B.C. Green Party leader Andrew Weaver says he can’t support the NDP plan to allow construction union raids every summer, B.C. legislature, May 28, 2019. (Hansard TV)

B.C. Liberals, Greens team up to defeat NDP construction raid plan

Allowing union takeovers every summer went against expert advice

B.C. Green Party leader Andrew Weaver sided with opposition MLAs Tuesday to reject an NDP government plan allowing construction union raids every summer.

The three-member Green caucus helped defeat the construction raiding plan, which targeted independent unions such as the Christian Labour Association of Canada (CLAC) that have made inroads into traditional closed-shop work sites for large construction in B.C. CLAC and its affiliated contractors have a majority of work on the Trans Mountain pipeline project, awaiting final approval by the federal government.

The NDP government appointed an expert panel to advise on changes to the Labour Relations Code last year, and it recommended that union raids only be allowed after a contract has been allowed to work for three years. Labour Minister Harry Bains made an exception for construction, arguing that some construction jobs don’t last three years.

RELATED: B.C. union rules could create ‘battle zone’ in big construction

RELATED: ‘Progressive’ contractors call for share of public construction

Weaver said he considered the fact that B.C. and Yukon Building Trades unions have no-raid agreements with each other, and the emergence of new unions that dispose of traditional craft lines between jobs. He called on the government to do a thorough review of construction labour in B.C.

Weaver said the Construction Maintenance and Allied Workers (CMAW) and others are “end-to-end project unions” that are “looking for a fair and level playing field.

“That’s exactly what we’re looking for, one that’s grounded in evidence, not in ideology,” Weaver said.

Former premier Christy Clark imposed an open-shop labour agreement on the Site C dam being constructed in northeast B.C., the first ever B.C. Hydro project not to have an exclusive deal with the Building Trades. The main civil works contract was won by a consortium called Peace River Hydro Partners, with CLAC as their main union.

Ryan Bruce, CLAC’s B.C. manager of government relations, said three Building Trades unions staged an unsuccessful raid at the Site C project in 2017, meeting employees at Fort St. John airport and following them to the work camp.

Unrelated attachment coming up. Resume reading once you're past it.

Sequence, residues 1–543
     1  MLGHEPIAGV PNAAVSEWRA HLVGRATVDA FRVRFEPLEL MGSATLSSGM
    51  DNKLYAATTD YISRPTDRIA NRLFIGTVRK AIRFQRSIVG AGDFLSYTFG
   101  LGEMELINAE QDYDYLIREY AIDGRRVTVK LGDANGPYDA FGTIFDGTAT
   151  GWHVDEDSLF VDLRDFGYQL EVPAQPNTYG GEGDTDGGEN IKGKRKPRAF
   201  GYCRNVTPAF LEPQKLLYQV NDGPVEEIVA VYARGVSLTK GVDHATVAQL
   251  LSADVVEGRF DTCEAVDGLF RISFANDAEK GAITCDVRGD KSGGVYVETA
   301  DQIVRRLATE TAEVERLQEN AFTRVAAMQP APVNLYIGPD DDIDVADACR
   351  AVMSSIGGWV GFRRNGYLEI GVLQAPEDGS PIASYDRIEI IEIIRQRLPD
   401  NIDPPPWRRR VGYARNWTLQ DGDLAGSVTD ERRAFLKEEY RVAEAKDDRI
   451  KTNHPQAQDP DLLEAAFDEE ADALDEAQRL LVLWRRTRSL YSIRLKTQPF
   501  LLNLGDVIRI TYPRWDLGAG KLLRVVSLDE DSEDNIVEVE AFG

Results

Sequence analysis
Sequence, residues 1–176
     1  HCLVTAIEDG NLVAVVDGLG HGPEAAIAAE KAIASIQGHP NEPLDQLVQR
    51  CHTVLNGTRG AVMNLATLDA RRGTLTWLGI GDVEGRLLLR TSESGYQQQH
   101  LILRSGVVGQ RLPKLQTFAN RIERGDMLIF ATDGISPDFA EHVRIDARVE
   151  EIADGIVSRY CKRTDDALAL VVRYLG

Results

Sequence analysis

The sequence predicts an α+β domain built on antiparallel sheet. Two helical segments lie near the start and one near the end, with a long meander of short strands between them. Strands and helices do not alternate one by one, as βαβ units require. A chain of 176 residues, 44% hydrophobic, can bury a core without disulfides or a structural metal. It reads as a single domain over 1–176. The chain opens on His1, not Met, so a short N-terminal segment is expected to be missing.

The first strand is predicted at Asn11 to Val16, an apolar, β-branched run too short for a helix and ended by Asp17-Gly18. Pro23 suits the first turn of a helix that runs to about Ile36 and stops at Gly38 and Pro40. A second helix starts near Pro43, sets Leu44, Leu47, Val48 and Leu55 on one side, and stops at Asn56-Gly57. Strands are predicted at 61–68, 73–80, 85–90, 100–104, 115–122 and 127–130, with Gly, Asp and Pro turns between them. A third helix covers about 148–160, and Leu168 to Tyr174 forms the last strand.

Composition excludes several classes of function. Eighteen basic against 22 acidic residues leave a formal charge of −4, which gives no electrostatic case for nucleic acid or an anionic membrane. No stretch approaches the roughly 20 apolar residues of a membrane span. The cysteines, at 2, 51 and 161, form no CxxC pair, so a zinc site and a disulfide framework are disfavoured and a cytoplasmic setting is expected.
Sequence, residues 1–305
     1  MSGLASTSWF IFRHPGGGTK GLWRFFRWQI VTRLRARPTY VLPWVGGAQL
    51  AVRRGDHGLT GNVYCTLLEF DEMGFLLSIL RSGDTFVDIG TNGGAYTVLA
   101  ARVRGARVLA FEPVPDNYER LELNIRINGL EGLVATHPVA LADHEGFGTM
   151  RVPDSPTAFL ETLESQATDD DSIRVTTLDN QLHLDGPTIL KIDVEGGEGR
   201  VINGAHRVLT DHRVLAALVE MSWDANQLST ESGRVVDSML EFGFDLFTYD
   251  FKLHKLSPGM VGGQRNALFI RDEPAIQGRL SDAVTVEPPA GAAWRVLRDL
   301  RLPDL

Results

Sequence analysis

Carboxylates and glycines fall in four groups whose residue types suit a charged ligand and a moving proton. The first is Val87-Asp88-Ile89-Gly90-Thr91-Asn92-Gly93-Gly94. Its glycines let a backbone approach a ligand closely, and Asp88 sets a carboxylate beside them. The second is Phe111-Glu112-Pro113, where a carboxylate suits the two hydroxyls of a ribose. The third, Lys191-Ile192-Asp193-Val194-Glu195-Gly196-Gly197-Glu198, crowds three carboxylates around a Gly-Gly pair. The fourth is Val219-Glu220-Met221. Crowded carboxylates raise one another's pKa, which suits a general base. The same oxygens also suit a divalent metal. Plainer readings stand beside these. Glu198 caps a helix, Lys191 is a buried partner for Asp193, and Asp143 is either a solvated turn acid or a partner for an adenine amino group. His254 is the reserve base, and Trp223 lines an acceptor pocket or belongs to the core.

@tomfletcherbc
tfletcher@blackpress.ca

Like us on Facebook and follow us on Twitter.

Just Posted

Latest round of Columbia River Treaty talks wrap up

It was the first oppportunity for local Indigenous Nations to participate as observers

Runners hit the streets for Special Olympics

Cranbrook RCMP teamed up with Cranbrook Safeway on Saturday, June 22, for… Continue reading

School board reports January malware attack

Email systems compromised at board office and Fernie Learning Centre, according to memo

Bowen Byram goes fourth overall in the 2019 NHL Entry Draft

The Cranbrook native was picked by the Colorado Avalanche in the NHL draft

Residents asked to leave ‘fawn in area’ signs alone

Signs are there for the protection of deer and people

Air Canada reviewing how crew left sleeping passenger on parked plane

In a Facebook post, the woman said she woke up ‘all alone’ on a ‘cold dark’ aircraft

Thieves steal tents from B.C. school, Grade 7 camping trip happens anyway

Nanaimo businesses, school staff and parents ensure trip goes on

Disaster relief: four tips for coping with wildfires, smoky skies

Being shrouded in smoke or having to flee from wildfires can cause anxiety, stress, depression

Only legal pot shop between Vancouver and Kamloops now open

Private cannabis store on Skwah land in Chilliwack is first B.C. licensee to be Indigenous owned

Canadian communities responding to climate change

New research highlights state of local adaptation planning in Canada

Victoria woman in L.A. hospital after she was run over twice

Lynn Phillips has suffered from multiple broken bones and internal bleeding

‘Text neck’ causing bone spurs to grow from millennials’ skulls, researchers say

Technology use from early childhood causing abnormal bone growths in 41 per cent of young adults

B.C. judge defies lawyers and adds six months to man’s sex assault sentence

‘I find the joint submission is contrary to the public interest and I’m rejecting it’

Tiny Yorkshire terrier survives days on remote B.C. island

ROAM rescue crews, family searched for dog, missing in Greater Victoria for days

Most Read